Panel: "Guantanamo Redux"
This panel, recorded on May 10th, 2011, and sponsored by the American Constitution Society and the International Human Rights Law Society featured three prominent trial lawyers from Illinois, Florida, and New York involved in the defense of Guantanamo detainees and in numerous other complex criminal cases.
Thomas Anthony Durkin has been admitted by the U.S. Department of Defense to The Pool of Qualified Civilian Defense Counsel to Practice Before the Military Commissions, and presently serves on the National Association of Criminal Defense Lawyer’s Select Committee on Military Tribunals and Terrorism. He also serves as a member of the Advisory Committee of the Center for Civil and Human Rights of the University of Notre Dame Law School. Mr. Durkin’s efforts to defend several Guantanamo Bay detainees have attracted national attention and praise. He served as counsel, along with the Center for Constitutional Rights in New York City, for two detainees at Guantanamo Bay who have since been returned to their home countries, for which he and his firm, along with all other Guantanamo counsel, received the 2007 Frederick Douglass Human Rights Award from the Southern Center for Human Rights. Mr. Durkin was selected in 2008 to be a participant in the John Adams Project, a joint effort of the American Civil Liberties Union and the National Association of Criminal Defense Lawyers to provide civilian defense counsel to assist the military lawyers in the trial of the five High Value Detainees charged in U.S. v. Khalid Sheikh Mohammed, et al., in the Military Commissions at Guantanamo Bay, Cuba with conspiring to orchestrate the September 11th attacks of the World Trade Center and Pentagon.
Linda Moreno has successfully defended clients in a number of high profile cases including Dr. Sami al-Arian, a Palestinian professor, in a case that the government described as the seminal test of the Patriot Act in United States vs. Sami Amin al-Arian, et al. After a 6-month trial, which garnered international attention, the jury refused, in a 53-count indictment, to return a single guilty verdict against Dr. al-Arian and acquitted him of several of the most serious charges. Ms. Moreno also represented the chairman of the board of the pre-eminent Muslim charity in America in the federal prosecution of United States vs. Holy Land Foundation, et al, in Dallas, Texas. Ms. Moreno has lectured on civil liberties and terrorism prosecutions at various universities and institutions, including Columbia University Law School and Yale Law School. She has appeared on numerous panels, both in the United States and abroad, on subjects involving civil liberties in the wake of the events of September 11, 2001.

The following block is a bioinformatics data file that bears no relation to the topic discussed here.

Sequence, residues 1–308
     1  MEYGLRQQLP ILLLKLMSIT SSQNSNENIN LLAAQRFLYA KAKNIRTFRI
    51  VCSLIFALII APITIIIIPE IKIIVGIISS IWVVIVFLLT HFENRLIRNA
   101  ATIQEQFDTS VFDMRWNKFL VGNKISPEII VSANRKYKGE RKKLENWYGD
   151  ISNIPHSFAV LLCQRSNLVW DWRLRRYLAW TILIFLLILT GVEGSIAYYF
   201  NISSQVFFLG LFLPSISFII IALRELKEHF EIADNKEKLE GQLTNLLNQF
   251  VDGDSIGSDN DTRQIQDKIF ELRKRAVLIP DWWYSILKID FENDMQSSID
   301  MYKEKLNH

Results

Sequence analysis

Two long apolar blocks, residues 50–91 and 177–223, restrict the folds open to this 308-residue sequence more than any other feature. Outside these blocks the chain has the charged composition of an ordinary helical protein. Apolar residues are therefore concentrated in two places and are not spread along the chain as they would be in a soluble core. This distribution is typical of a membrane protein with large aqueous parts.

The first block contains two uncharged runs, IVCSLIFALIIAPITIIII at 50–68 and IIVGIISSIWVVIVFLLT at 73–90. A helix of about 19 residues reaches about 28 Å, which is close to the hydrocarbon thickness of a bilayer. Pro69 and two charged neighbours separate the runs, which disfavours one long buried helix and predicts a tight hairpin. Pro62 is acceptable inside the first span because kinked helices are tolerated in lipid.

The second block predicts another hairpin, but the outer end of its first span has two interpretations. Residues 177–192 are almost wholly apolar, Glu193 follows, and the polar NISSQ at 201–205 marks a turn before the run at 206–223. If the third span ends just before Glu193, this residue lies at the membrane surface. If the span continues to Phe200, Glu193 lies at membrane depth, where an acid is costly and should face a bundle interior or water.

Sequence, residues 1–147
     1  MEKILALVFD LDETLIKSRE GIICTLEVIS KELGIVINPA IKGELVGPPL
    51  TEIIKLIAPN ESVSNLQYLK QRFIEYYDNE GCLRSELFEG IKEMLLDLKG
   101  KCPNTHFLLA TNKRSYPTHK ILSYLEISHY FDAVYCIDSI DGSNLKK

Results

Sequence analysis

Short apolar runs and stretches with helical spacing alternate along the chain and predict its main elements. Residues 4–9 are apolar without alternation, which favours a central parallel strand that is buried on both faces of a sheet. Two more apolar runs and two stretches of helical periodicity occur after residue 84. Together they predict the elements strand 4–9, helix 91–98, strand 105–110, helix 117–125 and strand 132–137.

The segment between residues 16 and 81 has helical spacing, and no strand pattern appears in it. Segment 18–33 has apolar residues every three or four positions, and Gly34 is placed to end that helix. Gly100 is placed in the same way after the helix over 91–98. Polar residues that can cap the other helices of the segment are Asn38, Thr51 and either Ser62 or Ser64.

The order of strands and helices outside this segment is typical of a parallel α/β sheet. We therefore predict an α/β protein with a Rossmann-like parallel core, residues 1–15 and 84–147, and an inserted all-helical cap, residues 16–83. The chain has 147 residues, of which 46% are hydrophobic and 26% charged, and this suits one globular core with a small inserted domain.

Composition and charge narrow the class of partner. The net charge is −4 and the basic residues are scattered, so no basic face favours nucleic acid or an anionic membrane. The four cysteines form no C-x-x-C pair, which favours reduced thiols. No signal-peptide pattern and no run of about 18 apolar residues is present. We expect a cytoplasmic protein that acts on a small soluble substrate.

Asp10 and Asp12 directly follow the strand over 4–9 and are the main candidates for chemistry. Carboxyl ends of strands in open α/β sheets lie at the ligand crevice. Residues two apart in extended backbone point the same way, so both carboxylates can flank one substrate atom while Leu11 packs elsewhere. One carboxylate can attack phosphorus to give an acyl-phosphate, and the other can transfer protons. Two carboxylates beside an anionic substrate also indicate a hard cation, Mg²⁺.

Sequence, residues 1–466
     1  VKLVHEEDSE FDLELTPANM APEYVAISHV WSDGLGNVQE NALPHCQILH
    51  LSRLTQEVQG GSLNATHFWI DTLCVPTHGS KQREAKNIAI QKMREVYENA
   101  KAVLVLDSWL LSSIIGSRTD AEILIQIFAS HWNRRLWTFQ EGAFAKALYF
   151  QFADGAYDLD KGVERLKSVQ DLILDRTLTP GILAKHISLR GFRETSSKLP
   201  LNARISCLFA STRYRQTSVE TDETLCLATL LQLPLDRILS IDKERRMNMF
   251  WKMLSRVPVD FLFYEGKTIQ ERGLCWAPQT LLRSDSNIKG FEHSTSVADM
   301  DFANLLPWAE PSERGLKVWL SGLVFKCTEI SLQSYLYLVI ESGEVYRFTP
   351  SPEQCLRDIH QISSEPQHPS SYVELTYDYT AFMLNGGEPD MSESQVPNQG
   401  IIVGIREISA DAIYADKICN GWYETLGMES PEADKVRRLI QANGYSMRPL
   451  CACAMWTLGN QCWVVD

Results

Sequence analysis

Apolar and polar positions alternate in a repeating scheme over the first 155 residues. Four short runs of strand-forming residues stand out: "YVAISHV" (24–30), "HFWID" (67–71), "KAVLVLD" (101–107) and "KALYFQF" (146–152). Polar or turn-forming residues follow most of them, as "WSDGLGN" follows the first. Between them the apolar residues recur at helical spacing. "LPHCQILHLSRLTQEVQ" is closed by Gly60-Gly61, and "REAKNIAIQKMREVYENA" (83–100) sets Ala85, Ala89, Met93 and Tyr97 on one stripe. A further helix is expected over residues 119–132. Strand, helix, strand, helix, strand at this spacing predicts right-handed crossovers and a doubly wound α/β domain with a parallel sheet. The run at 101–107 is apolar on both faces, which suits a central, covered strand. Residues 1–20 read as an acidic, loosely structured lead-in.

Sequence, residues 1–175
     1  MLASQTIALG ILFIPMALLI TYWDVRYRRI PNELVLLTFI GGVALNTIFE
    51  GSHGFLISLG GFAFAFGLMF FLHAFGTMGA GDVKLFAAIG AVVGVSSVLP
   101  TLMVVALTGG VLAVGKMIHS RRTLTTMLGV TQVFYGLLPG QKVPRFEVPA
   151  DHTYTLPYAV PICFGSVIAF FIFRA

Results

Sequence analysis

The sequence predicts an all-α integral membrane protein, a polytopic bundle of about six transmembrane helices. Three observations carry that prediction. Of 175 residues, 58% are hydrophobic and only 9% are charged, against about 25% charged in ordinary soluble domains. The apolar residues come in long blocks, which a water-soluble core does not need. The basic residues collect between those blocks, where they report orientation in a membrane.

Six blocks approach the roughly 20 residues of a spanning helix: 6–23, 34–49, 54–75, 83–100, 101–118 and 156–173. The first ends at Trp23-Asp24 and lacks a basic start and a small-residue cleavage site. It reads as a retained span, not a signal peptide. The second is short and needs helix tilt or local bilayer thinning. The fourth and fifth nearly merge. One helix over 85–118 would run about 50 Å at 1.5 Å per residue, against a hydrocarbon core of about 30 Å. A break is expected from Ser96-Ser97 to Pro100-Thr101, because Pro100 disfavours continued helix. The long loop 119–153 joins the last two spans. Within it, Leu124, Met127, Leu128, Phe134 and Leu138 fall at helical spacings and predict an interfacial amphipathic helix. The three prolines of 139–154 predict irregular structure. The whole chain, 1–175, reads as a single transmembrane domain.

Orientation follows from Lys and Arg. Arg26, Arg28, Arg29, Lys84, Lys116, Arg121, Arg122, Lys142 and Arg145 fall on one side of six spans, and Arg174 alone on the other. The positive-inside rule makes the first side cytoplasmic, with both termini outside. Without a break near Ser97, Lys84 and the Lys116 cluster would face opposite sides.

Joshua L. Dratel has stood up for individual rights in some of the past three decades' most complicated and important cases both factually and legally, including the investigations and prosecutions of major construction companies, a telecommunications giant, the 1998 bombings of the U.S. Embassies in Kenya and Tanzania, and representation of political and business leaders. He has appeared for defendants in nine different federal districts, and has written or argued appeals in the First, Second, Third, Fourth, Fifth, Eighth, and Ninth Circuits. Mr. Dratel's honors include the Frederick Douglas Human Rights Award from the Southern Center for Human Rights in 2007, the Robert C. Heeney Award from the National Association of Criminal Defense Lawyers in 2006, and the Clarence Darrow Award from the American Civil Liberties Union of Idaho in 2005. Mr. Dratel was named one of New York's Super Lawyers for both 2008 and 2009. Mr. Dratel is co editor of The Torture Papers: The Legal Road to Abu Ghraib (Cambridge University Press: 2005), which won the American Association of Publishers 2005 Award for Excellence in Professional and Scholarly Publishing (Law and Legal Studies).